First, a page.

chilled by NSA's pocket spies
The Electronic Frontier Foundation on your ever-present companion, the co-traveling NSA:
The CO-TRAVELER program is based on guilt by association, tracking location to determine our relationships and where we meet. The First Amendment protects our right to associate with individuals and groups without disclosing that information to the government. This is an essential right because it allows people to discuss their ideas, concerns, and feelings with others without the shadow of government surveillance. And this is not just a right recognized in the United States: the right to freely associate with individuals or groups has also been recognized in the UN Universal Declaration of Human Rights, the European Convention on Human Rights, and in countless other human rights charters.
Wednesday, December 4, 2013
with Guardian witch hunt
Conservatives in Parliament are jeopardizing the special relationship between Britain and the United States as U.S. media warn against involving the Guardian in a witch hunt aimed at stifling press freedom in the wake of the Snowden revelations.
The Reporters Committee for Freedom of the Press and leading U.S. news organizations are urging parliamentarians to uphold Britain’s commitment to freedom of the press amid intense interest in a hearing at which the Guardian's editor testified. The editor, Alan Rusbridger, defended Guardian stories based on documents leaked by Edward Snowden as responsible and argued that intelligence agency oversight had been so weak that it was newspapers that had galvanized public officials into calling for review and reform of the massive snooping.
The Tories, however, are uninterested in doing much to effect change in the intelligence-surveillance system.
Carl Bernstein, one of the reporters to expose the Watergate scandal, said that David Cameron's government seemed more interested in shifting the focus away from questionable activities of government and onto the alleged wrongdoing of the press.
Prior to the hearing, the Reporters Committee said: “As news organizations, editors, and journalists who often report on government actions that officials seek to keep secret, we write to the Committee on the eve of the forthcoming appearance of Guardian editor Alan Rusbridger to express our grave concern over pointed calls by those in authority for censorship of the Guardian and criminal prosecution of its journalists in the name of national security. Such sanctions, and the chilling impact created by even the threat to impose them, undermine the independence and integrity of the press that are essential for democracy to function.”
Co-signing the letter with the Reporters Committee are the American Society of News Editors; The Associated Press; The E.W. Scripps Company; The McClatchy Company; The New York Times Company; The New Yorker; Newspaper Association of America; ProPublica; The Seattle Times Company; Society of Professional Journalists; The Washington Post; and World Association of Newspapers and News Publishers.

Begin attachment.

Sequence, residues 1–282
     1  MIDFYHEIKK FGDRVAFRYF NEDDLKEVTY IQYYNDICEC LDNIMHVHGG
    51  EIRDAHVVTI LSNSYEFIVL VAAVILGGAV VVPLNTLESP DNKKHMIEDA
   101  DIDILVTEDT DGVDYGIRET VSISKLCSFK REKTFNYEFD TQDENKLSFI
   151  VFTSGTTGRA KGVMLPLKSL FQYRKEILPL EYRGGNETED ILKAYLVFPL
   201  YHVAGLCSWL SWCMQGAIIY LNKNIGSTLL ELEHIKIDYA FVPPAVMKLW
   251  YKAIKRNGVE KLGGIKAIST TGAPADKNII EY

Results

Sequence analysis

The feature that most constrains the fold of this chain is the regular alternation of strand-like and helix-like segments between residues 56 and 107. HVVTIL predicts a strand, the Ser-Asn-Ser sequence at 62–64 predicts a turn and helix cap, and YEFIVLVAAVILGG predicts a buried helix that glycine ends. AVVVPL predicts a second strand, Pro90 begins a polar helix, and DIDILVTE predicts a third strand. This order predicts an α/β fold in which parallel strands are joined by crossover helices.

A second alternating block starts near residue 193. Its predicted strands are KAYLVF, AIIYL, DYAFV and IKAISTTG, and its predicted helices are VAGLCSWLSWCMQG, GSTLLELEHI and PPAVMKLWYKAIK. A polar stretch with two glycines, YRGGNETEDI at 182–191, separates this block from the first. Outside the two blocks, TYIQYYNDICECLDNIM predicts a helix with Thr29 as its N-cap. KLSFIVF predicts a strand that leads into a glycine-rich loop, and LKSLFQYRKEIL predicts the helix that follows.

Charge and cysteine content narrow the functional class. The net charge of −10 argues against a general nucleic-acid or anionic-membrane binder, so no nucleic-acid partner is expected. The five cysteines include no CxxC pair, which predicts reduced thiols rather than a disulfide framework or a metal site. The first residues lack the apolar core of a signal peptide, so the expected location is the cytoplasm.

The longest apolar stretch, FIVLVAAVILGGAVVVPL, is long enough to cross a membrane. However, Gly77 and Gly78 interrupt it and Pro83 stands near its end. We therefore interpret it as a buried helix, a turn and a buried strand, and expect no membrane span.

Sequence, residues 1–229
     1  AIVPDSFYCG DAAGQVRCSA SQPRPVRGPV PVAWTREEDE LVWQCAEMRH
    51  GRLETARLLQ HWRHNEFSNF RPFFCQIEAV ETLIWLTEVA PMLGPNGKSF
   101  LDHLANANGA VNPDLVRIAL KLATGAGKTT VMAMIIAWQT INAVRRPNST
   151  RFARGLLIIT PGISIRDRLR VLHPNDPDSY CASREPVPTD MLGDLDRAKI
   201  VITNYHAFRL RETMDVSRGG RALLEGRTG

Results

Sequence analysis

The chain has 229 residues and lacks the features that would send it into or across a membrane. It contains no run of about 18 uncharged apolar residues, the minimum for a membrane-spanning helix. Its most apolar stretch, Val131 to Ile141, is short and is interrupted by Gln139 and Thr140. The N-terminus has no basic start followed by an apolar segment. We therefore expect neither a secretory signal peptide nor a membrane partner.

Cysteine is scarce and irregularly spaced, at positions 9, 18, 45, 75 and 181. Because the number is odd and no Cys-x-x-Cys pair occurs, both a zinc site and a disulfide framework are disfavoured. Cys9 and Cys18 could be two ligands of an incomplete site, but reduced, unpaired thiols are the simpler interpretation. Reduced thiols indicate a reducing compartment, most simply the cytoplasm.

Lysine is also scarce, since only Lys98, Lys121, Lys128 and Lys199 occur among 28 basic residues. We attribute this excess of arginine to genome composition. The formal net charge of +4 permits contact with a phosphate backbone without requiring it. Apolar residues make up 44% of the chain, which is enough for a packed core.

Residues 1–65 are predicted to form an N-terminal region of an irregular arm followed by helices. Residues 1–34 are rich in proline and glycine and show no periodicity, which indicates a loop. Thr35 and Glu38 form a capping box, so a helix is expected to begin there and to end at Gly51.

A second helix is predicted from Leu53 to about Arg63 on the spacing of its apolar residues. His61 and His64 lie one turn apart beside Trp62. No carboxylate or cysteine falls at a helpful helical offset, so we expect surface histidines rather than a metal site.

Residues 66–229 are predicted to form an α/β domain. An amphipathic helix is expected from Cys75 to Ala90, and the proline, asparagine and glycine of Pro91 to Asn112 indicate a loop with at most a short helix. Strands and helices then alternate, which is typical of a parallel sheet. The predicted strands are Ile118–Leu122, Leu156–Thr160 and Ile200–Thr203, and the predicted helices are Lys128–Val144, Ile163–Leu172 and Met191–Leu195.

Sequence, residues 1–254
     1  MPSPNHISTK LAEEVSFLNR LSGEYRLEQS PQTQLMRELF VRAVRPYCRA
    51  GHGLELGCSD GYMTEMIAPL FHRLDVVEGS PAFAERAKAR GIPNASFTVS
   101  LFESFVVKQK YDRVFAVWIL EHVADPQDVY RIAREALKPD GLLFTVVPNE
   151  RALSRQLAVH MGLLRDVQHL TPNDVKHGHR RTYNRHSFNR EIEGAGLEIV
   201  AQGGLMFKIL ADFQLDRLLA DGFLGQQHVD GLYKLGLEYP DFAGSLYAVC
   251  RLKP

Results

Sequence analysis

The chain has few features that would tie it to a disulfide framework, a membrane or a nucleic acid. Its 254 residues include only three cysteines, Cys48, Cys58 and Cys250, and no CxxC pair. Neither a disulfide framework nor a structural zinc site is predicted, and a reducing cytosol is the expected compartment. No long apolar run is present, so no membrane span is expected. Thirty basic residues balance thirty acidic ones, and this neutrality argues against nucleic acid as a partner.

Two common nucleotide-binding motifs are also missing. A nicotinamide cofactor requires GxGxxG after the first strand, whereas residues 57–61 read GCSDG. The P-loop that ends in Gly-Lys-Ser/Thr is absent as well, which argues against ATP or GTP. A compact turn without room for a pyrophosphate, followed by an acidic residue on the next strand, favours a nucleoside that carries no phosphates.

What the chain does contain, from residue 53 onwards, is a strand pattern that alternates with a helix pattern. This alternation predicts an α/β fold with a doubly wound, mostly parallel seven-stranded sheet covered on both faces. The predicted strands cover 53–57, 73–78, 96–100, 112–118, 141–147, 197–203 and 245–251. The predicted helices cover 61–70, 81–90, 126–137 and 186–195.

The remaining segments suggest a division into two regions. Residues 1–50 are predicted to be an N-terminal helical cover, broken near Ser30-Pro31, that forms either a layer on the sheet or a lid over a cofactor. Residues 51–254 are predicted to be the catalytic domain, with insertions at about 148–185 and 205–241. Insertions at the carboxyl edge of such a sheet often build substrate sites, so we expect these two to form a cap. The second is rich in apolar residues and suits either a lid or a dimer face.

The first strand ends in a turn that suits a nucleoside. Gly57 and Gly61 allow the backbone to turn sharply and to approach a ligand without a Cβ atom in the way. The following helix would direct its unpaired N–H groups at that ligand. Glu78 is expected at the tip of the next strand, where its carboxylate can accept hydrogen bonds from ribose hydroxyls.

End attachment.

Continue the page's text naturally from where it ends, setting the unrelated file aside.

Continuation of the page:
The disclosures published in the Guardian “may have embarrassed or angered political leaders, but they have educated the public on critically important matters and sparked a valuable global debate over the proper exercise of the vast surveillance powers that now exist,” the media letter continued. “It is the responsibility of journalists to provide the type of accurate and in-depth news reports published by the Guardian and others that have informed the public and framed important, unresolved issues concerning the balance between security and privacy. Vigorous news coverage and the debate it fosters advance the public interest.”
Further, the letter noted it is “unwise and counterproductive” to invoke security concerns or charge that a news organization has aided terrorists “simply by providing citizens with information they need to know,” particularly when editors have demonstrated care and sensitivity to the security concerns raised by government officials. “The reporting has been both responsible and, given the intense displeasure of those in power, courageous.”
British politicians have called for criminal prosecution of the Guardian, an investigation by Scotland Yard has been launched, and the newspaper has been threatened with “D notices” prohibiting publication of national security information.
“To the rest of the world, it appears that press freedom itself is under attack in Britain today,” the letter stated. “These aggressive actions intimidate journalists and their sources. They chill reporting on issues of national security and on the conduct of government more generally” and encourage repressive regimes around the world to undermine an independent press.
“We therefore urge the Committee to use the occasion of Mr. Rusbridger’s appearance to reaffirm Britain’s commitment to a vigorous, free, and independent press,” the letter concluded. “It is important to acknowledge that the Snowden revelations, filtered to the public through responsible journalists, have served the public interest. And it is equally important to respect the autonomy of the newsroom. Damage to democracy and to the credibility of elected governments inevitably is inflicted when disapproval of truthful reporting causes officials to intrude into the internal editorial decisions of news organizations.”